The Internationale was written to celebrate the Paris Commune of March-May 1871: the first time workers took state power into their own hands. They established in the Commune a form of government more democratic than ever seen before. Representatives were mandated on policy questions by their electors, they were recallable at any time and were paid wages that reflected those of their constituents. The Commune was a working body, not a talk shop. The distinction between legislative and executive arms of government was abolished. Marx's Civil War in France is a suberb account of the history and significance of the Commune. The Commune was drowned in blood by the conservative French government in Versailles, cheered on by the ruling classes of the world.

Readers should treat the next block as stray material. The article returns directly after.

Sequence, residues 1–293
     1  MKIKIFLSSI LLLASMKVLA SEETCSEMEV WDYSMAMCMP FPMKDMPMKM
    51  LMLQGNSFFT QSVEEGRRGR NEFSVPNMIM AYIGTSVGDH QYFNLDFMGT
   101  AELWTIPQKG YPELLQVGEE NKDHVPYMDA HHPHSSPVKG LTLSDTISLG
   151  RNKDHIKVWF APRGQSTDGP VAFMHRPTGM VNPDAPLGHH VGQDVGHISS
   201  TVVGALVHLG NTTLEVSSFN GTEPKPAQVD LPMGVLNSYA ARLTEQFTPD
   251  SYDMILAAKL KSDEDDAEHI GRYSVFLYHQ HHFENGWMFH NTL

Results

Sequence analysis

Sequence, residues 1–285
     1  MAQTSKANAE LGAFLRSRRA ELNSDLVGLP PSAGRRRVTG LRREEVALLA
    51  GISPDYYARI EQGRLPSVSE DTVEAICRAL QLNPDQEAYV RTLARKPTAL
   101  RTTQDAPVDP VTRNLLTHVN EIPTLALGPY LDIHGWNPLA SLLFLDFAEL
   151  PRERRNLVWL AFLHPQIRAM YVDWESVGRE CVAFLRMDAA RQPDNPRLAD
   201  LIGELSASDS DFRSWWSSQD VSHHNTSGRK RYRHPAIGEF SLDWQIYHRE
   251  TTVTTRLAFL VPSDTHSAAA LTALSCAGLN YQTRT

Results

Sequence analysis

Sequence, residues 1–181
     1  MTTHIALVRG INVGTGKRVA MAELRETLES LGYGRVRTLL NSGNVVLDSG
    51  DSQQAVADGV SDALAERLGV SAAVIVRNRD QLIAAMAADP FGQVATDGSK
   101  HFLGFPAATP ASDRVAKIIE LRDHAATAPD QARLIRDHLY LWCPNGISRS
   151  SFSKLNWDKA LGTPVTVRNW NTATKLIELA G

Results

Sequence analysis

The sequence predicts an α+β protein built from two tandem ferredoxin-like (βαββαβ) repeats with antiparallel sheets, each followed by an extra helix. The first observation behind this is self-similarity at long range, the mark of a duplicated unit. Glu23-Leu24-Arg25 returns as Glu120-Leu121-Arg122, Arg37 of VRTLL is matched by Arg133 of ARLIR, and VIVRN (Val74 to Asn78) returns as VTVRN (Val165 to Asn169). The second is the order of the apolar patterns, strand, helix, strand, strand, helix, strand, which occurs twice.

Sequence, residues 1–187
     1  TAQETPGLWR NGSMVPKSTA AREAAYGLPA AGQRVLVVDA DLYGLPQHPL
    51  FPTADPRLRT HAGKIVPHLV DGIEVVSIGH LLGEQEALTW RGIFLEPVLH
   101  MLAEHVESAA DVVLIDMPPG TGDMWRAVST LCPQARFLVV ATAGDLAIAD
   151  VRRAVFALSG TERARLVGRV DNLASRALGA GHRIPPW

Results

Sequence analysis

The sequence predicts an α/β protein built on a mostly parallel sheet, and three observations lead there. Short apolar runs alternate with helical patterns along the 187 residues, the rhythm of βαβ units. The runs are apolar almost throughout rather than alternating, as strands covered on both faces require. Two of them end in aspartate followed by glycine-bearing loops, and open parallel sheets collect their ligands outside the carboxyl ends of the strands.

Workers have adopted a similar pattern of organisation whenever they have challenged the capitalist class for state power: in the form of the Soviets in Russia in 1917; collectives in Spain in 1937; the Workers Council of Greater Budapest in Hungary in 1956; the cordones in Chile in 1973; and, in many respects, Solidarity in Poland in 1980.
Internationale | Marxism Page
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Author Rick Kuhn. Last revised 22 May 2011. Feedback form